Searching over 5,500,000 cases.


searching
Buy This Entire Record For $7.95

Download the entire decision to receive the complete text, official citation,
docket number, dissents and concurrences, and footnotes for this case.

Learn more about what you receive with purchase of this case.

Howell v. Angsley

United States District Court, W.D. Arkansas, Hot Springs Division

June 14, 2016

ADRIAN D. HOWELL PLAINTIFF
v.
SGT. DONALD ANGSLEY and CPL. ANDREW GOODMAN DEFENDANTS

          MEMORANDUM OPINION

          HON. BARRY A. BRYANT UNITED STATES MAGISTRATE JUDGE

         Plaintiff Adrian D. Howell originally filed this case pro se pursuant to 42 U.S.C. § 1983 on January 24, 2014. ECF No. 1. Now before the Court are Plaintiff’s failures to comply with the Court’s orders and prosecute this matter.

         The Parties have consented to the jurisdiction of a magistrate judge to conduct any and all proceedings in this case, including conducting the trial, ordering the entry of a final judgment, and conducting all post-judgment proceedings. ECF No. 11. Pursuant to this authority, the Court issues this order.

         I. BACKGROUND

         On February 26, 2016, Plaintiff filed a notice of address change, indicating his correct address was at the Pulaski County Detention Center. ECF No. 49. On May 2, 2016, mail sent to this address was returned as undeliverable mail. On May 2, 2016, the Court entered an Order changing Plaintiff’s address to 126 Noles Street, Hot Springs, Arkansas. Because Plaintiff was no longer incarcerated, the Court entered an Order on May 3, 2016, directing Plaintiff to indicate if he planned to appear in Hot Springs on May 19, 2016 for his scheduled bench trial. Plaintiff was also directed to provide a cell phone number where he could be reached on the day of the trial. Plaintiff was directed to respond by May 13, 2016 with this information, and was offered the option of phoning in his response to the Court. ECF No. 54. Neither Order was returned as undeliverable mail. Plaintiff did not respond.

         On May 13, 2016, the Court entered an Order to Show Cause directing Plaintiff to show cause why he failed to comply with the Court’s Order. The Court gave Plaintiff until May 27, 2016, to respond to the Show Cause Order. ECF No. 55. Plaintiff failed to do so, and the Order to Show Cause was not returned to the Court as undeliverable mail.

         Plaintiff has not filed any document with the Court or attempted to communicate with the Court in any way since February 26, 2016. In addition, mail has been returned as undeliverable three times from three different addresses during the pendency of this case.[1]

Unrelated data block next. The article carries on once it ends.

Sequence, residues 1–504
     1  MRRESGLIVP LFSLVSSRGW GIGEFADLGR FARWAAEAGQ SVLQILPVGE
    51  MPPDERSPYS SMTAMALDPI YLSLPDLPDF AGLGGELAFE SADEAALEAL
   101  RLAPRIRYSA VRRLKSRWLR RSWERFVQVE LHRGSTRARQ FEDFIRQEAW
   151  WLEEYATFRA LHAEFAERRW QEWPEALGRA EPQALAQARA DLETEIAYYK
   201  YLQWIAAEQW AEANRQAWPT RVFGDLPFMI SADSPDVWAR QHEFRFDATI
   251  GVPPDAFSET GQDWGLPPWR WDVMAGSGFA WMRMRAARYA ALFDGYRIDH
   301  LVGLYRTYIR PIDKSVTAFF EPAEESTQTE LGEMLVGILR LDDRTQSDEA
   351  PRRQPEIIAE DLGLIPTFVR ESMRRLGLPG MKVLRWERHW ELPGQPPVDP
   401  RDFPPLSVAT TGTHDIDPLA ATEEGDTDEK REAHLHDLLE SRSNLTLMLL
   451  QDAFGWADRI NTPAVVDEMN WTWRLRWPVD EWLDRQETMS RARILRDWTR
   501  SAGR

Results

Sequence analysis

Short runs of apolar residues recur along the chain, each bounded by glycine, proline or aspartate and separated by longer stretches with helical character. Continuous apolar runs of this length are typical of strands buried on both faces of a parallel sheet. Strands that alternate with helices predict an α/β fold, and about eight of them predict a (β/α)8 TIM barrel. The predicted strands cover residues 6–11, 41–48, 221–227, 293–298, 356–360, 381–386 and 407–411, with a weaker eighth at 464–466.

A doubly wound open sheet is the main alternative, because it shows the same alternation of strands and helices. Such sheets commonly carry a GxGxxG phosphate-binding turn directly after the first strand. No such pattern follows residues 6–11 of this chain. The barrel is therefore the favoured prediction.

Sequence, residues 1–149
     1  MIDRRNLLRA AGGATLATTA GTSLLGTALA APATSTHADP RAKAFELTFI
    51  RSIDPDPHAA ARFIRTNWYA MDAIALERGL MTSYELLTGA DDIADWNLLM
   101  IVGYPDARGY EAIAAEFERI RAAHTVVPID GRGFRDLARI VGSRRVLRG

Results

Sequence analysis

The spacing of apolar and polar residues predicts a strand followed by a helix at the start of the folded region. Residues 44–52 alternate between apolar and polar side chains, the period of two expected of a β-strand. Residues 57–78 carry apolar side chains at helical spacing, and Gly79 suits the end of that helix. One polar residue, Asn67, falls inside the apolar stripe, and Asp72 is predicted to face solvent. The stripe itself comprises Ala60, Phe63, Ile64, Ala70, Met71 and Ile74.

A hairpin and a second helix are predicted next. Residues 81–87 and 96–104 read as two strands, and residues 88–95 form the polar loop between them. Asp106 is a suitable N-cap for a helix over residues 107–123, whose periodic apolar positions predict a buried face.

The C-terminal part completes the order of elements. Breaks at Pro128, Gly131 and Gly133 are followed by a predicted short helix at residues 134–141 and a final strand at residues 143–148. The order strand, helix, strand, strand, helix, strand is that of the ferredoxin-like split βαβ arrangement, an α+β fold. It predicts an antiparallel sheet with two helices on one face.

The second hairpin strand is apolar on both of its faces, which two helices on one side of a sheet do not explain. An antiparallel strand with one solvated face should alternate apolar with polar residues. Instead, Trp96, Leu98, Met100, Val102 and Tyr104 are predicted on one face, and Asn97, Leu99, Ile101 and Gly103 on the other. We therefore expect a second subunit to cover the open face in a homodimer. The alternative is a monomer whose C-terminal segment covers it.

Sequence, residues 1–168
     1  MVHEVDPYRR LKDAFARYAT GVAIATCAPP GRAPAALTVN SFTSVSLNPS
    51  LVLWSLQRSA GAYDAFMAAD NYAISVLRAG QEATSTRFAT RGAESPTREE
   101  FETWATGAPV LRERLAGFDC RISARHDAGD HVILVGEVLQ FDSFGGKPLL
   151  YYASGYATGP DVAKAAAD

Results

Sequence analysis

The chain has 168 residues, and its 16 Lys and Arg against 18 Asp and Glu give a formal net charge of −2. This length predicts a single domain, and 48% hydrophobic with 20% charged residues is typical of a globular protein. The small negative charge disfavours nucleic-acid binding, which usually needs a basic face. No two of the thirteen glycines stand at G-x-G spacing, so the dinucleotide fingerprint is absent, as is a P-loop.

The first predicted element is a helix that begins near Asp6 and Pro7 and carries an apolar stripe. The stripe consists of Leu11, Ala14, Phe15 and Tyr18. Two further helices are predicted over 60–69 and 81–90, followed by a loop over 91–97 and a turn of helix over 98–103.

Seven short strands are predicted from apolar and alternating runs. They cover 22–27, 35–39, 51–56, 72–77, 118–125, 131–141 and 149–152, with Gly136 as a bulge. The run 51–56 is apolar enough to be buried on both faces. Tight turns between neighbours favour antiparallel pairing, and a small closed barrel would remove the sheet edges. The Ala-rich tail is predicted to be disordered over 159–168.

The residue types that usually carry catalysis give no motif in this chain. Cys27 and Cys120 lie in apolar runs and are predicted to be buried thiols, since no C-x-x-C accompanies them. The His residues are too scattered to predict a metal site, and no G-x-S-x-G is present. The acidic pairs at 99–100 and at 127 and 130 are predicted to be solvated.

II. APPLICABLE LAW

         While pro se pleadings are to be construed liberally, a pro se litigant is not excused from complying with substantive and procedural law. Burgs v. Sissel, 745 F.2d 526, 528 (8th Cir. 1984). Local Rule 5.5(c)(2) states in pertinent part:

It is the duty of any party not represented by counsel to promptly notify the Clerk and the other parties to the proceedings of any change in his or her address, to monitor the progress of the case, and to prosecute or defend the action diligently . . . If any communication from the Court to a pro se plaintiff is not responded to within thirty (30) days, the case may be dismissed without prejudice. Any party proceeding pro se shall be expected to be familiar with and follow the Federal Rules of Civil Procedure.

Local Rule 5.5(c)(2).

         Additionally, the Federal Rules of Civil Procedure also specifically contemplate dismissal of a case with prejudice on the grounds the plaintiff failed to prosecute or failed to comply with orders of the court. Fed.R.Civ.P. 41(b); Link v. Wabash R.R. Co., 370 U.S. 626, 630-31 (1962) (the district court possess the power to dismiss sua sponte under Rule 41(b)). Pursuant to Rule 41(b), a district court has the power to dismiss an action based on “the plaintiff's failure to comply with any court order, ” and such a dismissal may be with prejudice if there has been “‘a clear record of delay or contumacious conduct by the plaintiff.’” Brown v. Frey, 806 F.2d 801, 803-04 (8th Cir. 1986) (quoting Haley v. Kansas City Star, 761 F.2d 489, 491 (8th Cir. 1985)) (emphasis added). Dismissal with prejudice is an extreme sanction, and only to be used in cases of “willful disobedience of a court order” or “where a litigant exhibits a pattern of intentional dely.” Hunt v. City of Minneapolis, 203 F.3d 524, 527 (8th Cir. 2000). The Court does not, however, need to find that Plaintiff acted in bad faith, but “only that he acted intentionally as opposed to accidentally or involuntarily.” Id. (quoting Rodgers v. Univ. of Missouri, 135 F.3d 1216, 1219 (8th Cir. 1998)).

         III. DISCUSSION

         Plaintiff has failed to keep the Court apprised of his current address as required by Local Rule 5.5(c)(2). Plaintiff has failed to comply with the Court’s Order to Show Cause. Plaintiff has also failed to prosecute this matter. Accordingly, pursuant to Federal Rule of Civil Procedure 41(b) and Local Rule 5.5(c)(2), the Court finds that this case should be and hereby is DISMISSED WITH PREJUDICE for failure to comply with the ...


Buy This Entire Record For $7.95

Download the entire decision to receive the complete text, official citation,
docket number, dissents and concurrences, and footnotes for this case.

Learn more about what you receive with purchase of this case.